Excerpted from Jaakola’s 2005 Masters Thesis,

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Excerpted from Jaakola’s 2005 Masters Thesis, Powered By Docstoc
					                   Excerpted from Jaakola’s 2005 Masters Thesis,

      “Development of a community college course in the music of the

                           Ojibwe-Anishinaabe” August 5, 2009

Historical Perspective of Ojibwe-Anishinaabe music education

         A historical perspective of Ojibwe-Anishinaabe music education was determined by examining

the following topics: Traditional Ojibwe-Anishinaabe music education, Western music education for the
                          th
Ojibwe-Anishinaabeg, 20 century education about American Indian music and culture, and Ojibwe-

Anishinaabe curriculum development in music education.



Traditional Ojibwe-Anishinaabe Music Education

         Author’s note: To ensure that further miseducation does not occur as a result of

this study, the author makes certain careful and irregular uses of standard English

grammar. It is difficult to write about traditional indigenous cultures in the past tense

alone for it may be interpreted that these cultures no longer exist. Therefore, the present

and past tense are offered through use of the backslash between tense endings. The

reader is then made aware that members of many indigenous cultures continue to

practice traditional education methods. This choice is also made to give voice to the fact

that many indigenous peoples live within a different understanding of the space/time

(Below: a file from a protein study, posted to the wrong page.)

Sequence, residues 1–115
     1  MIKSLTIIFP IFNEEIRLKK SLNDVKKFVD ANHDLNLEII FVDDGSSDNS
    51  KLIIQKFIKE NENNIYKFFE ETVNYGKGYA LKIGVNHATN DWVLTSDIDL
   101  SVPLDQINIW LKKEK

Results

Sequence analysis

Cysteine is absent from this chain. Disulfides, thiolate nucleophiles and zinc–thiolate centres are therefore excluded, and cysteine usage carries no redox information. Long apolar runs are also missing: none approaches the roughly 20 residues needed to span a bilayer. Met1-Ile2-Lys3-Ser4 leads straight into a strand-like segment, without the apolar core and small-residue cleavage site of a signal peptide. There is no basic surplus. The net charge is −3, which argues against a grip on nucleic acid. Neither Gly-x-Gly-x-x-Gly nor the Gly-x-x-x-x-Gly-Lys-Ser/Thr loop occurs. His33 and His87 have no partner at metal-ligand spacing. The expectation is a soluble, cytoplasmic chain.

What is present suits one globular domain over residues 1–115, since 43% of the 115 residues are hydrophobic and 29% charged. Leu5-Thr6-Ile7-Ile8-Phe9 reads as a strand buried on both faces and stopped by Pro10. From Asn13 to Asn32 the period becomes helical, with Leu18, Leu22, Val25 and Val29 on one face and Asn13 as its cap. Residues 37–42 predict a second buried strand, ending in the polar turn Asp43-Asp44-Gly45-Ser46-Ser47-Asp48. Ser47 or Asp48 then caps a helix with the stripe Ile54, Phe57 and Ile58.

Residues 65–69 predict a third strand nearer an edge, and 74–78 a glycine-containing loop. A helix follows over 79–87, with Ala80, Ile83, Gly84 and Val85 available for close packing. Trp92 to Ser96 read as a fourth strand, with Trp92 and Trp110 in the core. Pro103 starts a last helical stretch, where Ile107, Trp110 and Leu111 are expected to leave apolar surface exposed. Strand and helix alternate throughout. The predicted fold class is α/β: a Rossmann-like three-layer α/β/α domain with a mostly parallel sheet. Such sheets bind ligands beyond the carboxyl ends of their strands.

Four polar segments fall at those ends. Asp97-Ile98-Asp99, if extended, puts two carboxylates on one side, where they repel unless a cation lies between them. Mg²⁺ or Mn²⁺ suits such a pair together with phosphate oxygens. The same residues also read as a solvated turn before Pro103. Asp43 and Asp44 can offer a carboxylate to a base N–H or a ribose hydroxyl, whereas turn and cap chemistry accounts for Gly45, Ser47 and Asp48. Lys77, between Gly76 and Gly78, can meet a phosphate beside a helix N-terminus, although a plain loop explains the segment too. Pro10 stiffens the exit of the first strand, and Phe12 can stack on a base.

continuum: The past, present, and future are not necessarily separated in Indigenous

worldview. Conventional tense usage is employed when reporting findings of exclusively

historical material.

         Traditional Anishinaabe education begins/began at birth with a focus on observation and

enculturation. It is/was understood that children arrive in our world complete, with knowledge sometimes

surpassing that of adults, especially in the realm of spirit. Children only require/d guidance in the ways of
the temporal existence in order to fulfill their given destiny. This guidance is/was offered by means of

repeated exposure to cultural practices, rites, skills, and behaviors (Johnston, B. 122, Peacock 71-74,

Deloria and Wildcat 45). Anishinaabe worldview is/was thereby passed on from generation to generation

in the oral tradition.

         Music is/was an integral component to the Anishinaabe worldview. The Anishinaabe Creation

story teaches of the world coming into being by means of sound. The zhiishiigwan (rattle) sound is/was

used to emulate this creative force in many of the sacred Anishinaabe teachings. According to these

teachings, the Creator sent out his singers in the form of birds (binesiwag) to carry the seeds of life to the

four corners of the Earth (“Ojibwe Music”, Benton-Banai 2, 15). Music is at the very core of Anishinaabe

epistemology. Children learn/ed music interwoven with sacred teachings as well as daily activities

(Johnston, B.148). A morning song that one sings to greet the day is/was learned by rote, ricing songs

are/were taught with stringent accuracy to ensure the survival of the people, and ceremonial songs require/d

further studious attention and were occasionally written down (Densmore, Chippewa           Music 14,15).

This is how Anishinaabeg learn/ed music (Kohl 287, 292).

         The writings of early Christian priests and fur traders confirmed the musicality of the Anishinaabe.

“The Indians are fond of singing […] and pride themselves on singing well. Some of them, in truth, have

very fine voices” (Thwaites).



Western Music Education for the Ojibwe-Anishinaabeg

        The meeting of the Anishinaabe and European arrivals brought many changes to both cultures.
Anishinaabe peoples welcomed the French fur traders and missionaries into their communities. Both
exchanged goods, language, services, and music. Catholic and Protestant missions established in


To read more of Lyz Jaakola’s Masters
Thesis, please see:

				
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